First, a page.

Moreover, neither of these deans is a member of the largest and traditionally most powerful patronage machine in European politics: the center-right European People’s Party (EPP). Macron neither moreover, which is another handicap on his ability to lead.
Many analysts have attributed Merkel’s dominance to Germany’s role as Europe’s main treasurer. This undoubtedly underpinned the authority of the ‘queen of the top’, as did the willingness of former Chancellor Helmut Kohl to sign checks in order to break an EU deadlock in the 1980s and 1990.
But Merkel’s grip on the EPP was also a vital lever in bending others to her will and negotiating compromises in the rallies of what German idiots call the “Black International” – the pre-summit meeting of leaders of the European Union. EPP party.
If his favorite successor, the centrist pro-European Christian Democrat Armin Laschet, wins in September, it will take him months to form a coalition and then establish his authority at home. Like his predecessors, his priorities will likely be primarily national for the first two years, and he could meet resistance from the conservative right on European issues.
Among the candidates to exercise at least some interim leadership at Europe’s first table, it would be wrong to overlook Italian Prime Minister Mario Draghi, who has earned universal respect for his leadership of the European Central Bank (ECB) during the euro area debt crisis and has ambitions to relax the budgetary discipline rules of the Stability Pact temporarily suspended.
As President of the ECB, Draghi has attended EU summits on and off since 2011. Eurozone government leaders know how much they owe him to keep the single currency on track and restore market confidence. at the height of the crisis.
Yet Draghi carries the triple handicap of: (a) running an unstable and heavily indebted country with debilitating political turnover, (b) not having a party of his own, and (c) being on a relatively short timeframe. short as a technocratic. prime minister whose term expires no later than 2023.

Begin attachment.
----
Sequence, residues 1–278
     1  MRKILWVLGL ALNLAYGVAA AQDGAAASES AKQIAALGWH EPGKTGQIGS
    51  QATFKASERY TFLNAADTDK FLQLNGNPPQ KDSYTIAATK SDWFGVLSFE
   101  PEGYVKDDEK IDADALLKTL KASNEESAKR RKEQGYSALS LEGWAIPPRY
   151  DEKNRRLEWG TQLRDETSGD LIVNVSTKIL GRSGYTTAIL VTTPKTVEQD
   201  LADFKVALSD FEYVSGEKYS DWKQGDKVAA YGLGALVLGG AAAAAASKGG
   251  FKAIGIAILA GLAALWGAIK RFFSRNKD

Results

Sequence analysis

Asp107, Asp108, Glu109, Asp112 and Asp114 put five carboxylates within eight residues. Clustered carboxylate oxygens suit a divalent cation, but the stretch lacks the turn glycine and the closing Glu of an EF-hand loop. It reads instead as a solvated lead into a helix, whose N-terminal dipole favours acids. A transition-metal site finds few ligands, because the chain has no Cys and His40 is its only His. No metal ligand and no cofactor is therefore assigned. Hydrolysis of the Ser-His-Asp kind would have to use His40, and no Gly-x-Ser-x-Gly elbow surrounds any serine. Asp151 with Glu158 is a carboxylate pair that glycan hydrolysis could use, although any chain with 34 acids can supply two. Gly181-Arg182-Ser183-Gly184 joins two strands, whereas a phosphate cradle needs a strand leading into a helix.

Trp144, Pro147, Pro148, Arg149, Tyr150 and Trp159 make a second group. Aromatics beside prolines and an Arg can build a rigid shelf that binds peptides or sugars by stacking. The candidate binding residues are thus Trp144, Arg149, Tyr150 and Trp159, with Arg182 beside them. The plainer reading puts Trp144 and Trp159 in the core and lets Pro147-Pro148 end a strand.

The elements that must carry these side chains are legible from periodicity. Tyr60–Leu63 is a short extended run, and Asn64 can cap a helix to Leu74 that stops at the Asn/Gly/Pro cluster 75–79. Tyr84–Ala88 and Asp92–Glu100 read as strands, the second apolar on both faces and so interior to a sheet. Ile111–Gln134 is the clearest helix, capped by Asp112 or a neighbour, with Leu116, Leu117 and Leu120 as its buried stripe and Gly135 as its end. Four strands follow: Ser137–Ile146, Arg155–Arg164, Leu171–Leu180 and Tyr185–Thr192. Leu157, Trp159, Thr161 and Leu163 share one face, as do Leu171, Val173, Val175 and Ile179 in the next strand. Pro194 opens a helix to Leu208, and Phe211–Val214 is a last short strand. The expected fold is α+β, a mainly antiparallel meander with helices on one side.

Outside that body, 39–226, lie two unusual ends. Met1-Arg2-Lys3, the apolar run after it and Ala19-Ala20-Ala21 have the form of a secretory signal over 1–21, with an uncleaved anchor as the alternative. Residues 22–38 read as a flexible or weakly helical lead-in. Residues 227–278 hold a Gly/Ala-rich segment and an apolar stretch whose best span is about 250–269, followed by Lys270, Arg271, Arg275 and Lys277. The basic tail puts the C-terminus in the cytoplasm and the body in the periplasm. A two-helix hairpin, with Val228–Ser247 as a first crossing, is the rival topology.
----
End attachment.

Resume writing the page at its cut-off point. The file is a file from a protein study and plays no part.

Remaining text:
Macron will undoubtedly try to seize the vacant mantle, aided by the fact that France holds the rotating presidency of the EU in the first half of 2022. Paris speaks of an ambitious program to build European strategic autonomy, to regulate the foreign trade and investment, reform the flawed EU immigration and asylum system and the conclusion of the Convention on the Future of Europe.
It will not be easy with the upcoming elections. Campaigning for presidential and parliamentary votes in April will effectively reduce the French presidency to the first three months of the year, thereby narrowing the leadership window. Macron’s need to win quickly during this time will make him dependent on clumsy colleagues in the EU.
Even if he is re-elected, as he probably will be, the French centrist president could be weakened by having to govern in cohabitation with the conservatives of the opposition. Only if he can forge a solid partnership with Laschet – assuming the CDU leader becomes chancellor – would a re-energized Franco-German tandem be ready to lead the EU squad in 2023.
That’s a long wait, and there would be barely a year left before the end of the EU’s political cycle, with European Parliament elections and a new Commission in 2024. So don’t be surprised if Europe is a horse without a rider for a long time to come. .